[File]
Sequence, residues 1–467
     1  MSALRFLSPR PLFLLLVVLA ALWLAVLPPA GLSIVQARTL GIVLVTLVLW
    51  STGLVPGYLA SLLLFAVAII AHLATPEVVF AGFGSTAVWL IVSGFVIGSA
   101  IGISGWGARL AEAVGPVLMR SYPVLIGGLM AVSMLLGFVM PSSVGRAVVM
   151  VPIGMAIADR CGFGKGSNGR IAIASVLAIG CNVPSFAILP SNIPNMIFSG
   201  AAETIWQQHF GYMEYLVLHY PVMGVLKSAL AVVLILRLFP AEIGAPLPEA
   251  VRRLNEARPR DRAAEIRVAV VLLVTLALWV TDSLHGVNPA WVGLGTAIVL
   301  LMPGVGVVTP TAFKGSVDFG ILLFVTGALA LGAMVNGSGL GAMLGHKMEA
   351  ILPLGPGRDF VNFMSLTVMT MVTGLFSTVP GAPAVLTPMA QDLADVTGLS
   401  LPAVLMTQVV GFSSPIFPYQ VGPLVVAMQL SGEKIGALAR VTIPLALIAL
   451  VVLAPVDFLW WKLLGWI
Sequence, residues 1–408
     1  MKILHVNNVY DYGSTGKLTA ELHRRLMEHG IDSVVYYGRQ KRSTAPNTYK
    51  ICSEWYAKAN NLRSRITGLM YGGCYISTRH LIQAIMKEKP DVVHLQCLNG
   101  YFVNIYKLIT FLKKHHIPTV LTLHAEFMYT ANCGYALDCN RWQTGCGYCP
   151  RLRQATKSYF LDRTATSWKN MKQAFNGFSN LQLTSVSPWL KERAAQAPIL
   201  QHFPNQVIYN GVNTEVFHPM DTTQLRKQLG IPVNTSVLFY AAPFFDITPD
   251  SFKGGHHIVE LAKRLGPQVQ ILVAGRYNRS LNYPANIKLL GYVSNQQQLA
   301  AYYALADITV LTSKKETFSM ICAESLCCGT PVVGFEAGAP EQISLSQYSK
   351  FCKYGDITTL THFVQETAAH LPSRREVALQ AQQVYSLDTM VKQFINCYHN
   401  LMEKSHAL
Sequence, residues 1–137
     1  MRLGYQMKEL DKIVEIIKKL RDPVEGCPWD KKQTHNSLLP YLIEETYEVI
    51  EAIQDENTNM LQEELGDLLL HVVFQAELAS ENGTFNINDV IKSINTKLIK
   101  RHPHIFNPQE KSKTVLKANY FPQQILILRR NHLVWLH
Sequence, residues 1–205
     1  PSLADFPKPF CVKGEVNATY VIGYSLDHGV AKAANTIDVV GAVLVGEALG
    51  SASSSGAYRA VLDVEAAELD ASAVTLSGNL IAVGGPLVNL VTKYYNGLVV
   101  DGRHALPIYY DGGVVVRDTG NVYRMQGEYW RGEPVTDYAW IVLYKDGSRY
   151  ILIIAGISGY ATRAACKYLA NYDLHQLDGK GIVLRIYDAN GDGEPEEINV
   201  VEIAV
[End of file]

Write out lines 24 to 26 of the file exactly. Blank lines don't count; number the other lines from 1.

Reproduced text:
    51  EAIQDENTNM LQEELGDLLL HVVFQAELAS ENGTFNINDV IKSINTKLIK
   101  RHPHIFNPQE KSKTVLKANY FPQQILILRR NHLVWLH
Sequence, residues 1–205